Winter break is a great opportunity for students to make up for the various TV series, books, and songs that they missed out on during the tumultuous first term of the academic year. Here are a few crucial recommendations from fellow students regarding media you may have missed in the midst of exams, according to a few Deerfield artists.
Khanh Nguyen ‘23, an avid reader of historical fiction, is currently reading the novel A Gentleman in Moscow, written by Amor Towles. She strongly recommends this book to anyone interested in the history of the Bolshevik revolution during the early 20th century Russian Empire.
Though it was a required 10th grade summer read a few years ago, Nguyen also suggests All the Light We Cannot See by Anthony Doerr, especially for war novel enthusiasts who want to read about the crossing of two children from opposing countries during World War II.
Helen Feng ‘20, a passionate lover of literature and music, is also a huge fan of poetry. Feng especially recommends the works of Anne Carson who is, according to Feng, “a really cool classicist [who] translated Sappho, the Greek poet.”
As for the art of sound, Feng is known for her idiosyncratic musical taste; it is thus no surprise that her advice when beginning to discover new songs is to “try to broaden your horizons by listening to something you normally don’t listen to.”
Her personal favorites are the blissfully melodic “Air for Violin” by Aaron J. Kernis and “Fire in My Mouth” by Julia Wolfe, which is “a very cool oratorio musical piece that is based on the Triangle Shirtwaist Factory fire.”
Katrina Csaky ‘21, who is part of the chorus in the fall term’s theater production, Antigone, has been listening to a new album called Neotheater by one of her favorite bands, AJR.
“The songs are really powerful. They make really good music, and they’re such a humble group of guys. They’re insightful, they’re deep, they’re personal, they’re relatable. You build a connection with them,” said Csaky.
She loves their music and thinks that AJR’s songs are suitable for any mood or activity a student can participate in, whether it be for a peaceful day to relax or for working out.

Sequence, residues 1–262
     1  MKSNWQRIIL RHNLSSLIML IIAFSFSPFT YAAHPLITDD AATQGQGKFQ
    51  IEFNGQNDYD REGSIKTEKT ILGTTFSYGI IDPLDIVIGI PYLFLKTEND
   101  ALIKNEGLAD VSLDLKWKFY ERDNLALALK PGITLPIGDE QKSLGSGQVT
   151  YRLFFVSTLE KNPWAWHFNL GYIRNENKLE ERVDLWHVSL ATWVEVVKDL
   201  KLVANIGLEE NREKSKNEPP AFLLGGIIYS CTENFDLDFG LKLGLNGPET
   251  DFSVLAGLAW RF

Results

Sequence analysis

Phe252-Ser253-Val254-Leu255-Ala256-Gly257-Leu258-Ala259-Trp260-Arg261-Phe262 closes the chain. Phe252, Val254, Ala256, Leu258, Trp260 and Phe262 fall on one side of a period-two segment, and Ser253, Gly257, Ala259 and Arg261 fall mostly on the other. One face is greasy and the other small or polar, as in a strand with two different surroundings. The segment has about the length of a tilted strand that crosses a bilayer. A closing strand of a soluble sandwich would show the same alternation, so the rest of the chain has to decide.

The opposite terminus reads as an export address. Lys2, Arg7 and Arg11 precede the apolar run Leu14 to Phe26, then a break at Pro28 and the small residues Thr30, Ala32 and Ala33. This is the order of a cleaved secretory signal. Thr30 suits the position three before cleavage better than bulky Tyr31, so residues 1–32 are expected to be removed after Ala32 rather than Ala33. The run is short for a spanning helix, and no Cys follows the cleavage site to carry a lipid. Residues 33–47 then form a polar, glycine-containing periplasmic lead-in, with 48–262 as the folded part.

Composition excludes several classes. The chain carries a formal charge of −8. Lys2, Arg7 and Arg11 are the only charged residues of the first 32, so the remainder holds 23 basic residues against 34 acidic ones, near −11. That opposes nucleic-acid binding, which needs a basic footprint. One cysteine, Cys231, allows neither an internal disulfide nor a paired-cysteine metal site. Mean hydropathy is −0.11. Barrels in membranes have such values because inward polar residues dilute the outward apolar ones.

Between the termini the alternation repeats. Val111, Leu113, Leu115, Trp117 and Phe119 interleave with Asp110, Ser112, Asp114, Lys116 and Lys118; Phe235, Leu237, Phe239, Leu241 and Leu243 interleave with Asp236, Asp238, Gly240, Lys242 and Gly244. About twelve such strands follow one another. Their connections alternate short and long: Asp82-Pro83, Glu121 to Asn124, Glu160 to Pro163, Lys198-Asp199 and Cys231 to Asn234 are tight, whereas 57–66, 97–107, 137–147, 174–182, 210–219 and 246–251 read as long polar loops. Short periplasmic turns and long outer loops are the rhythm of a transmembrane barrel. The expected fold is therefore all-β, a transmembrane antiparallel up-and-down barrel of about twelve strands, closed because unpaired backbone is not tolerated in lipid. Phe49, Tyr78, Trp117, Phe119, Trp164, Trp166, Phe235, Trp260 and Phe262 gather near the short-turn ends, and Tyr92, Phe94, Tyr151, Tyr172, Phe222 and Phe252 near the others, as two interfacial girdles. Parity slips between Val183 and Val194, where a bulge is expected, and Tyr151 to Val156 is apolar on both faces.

As for TV shows, Psych (available on Netflix and Amazon Prime) has been a personal favorite of Csaky.
She said, “This TV show is basically about this guy, who’s not really good at a lot of things, but his dad taught him how to memorize things, so he pretends that he is a psychic and gets a job working for the police. I can’t do scary shows, but it’s just so funny. It’s not scary at all.”
Even for those who are not a fan of watching hair-raising shows, give Psych a try as it is a satisfyingly funny way to spend an evening.
Madeline Lee ‘20, a graphic designer and an artist whose works are scattered around campus, strongly recommends The Chilling Adventures of Sabrina (available on Netflix) because “it’s a little bit like Harry Potter, except [Sabrina] tries to stay tied to both her human and magic worlds instead of saying ‘My life sucks, I’m moving out.’ It features a strong independent woman, and there’s a lot of character development. There’s also some commentary on religion and how some traditions are meant to be broken. I think that’s a pretty important message for some Deerfield students.”
Lee also recently began watching BoJack Horseman (also available on Netflix), and also recommends it for anyone who likes to watch animations or cartoons.
Staying inside and entertaining the mind is an important process. So, make sure to get plenty of relaxation before taking on the upcoming cold and harsh winter months that lay ahead!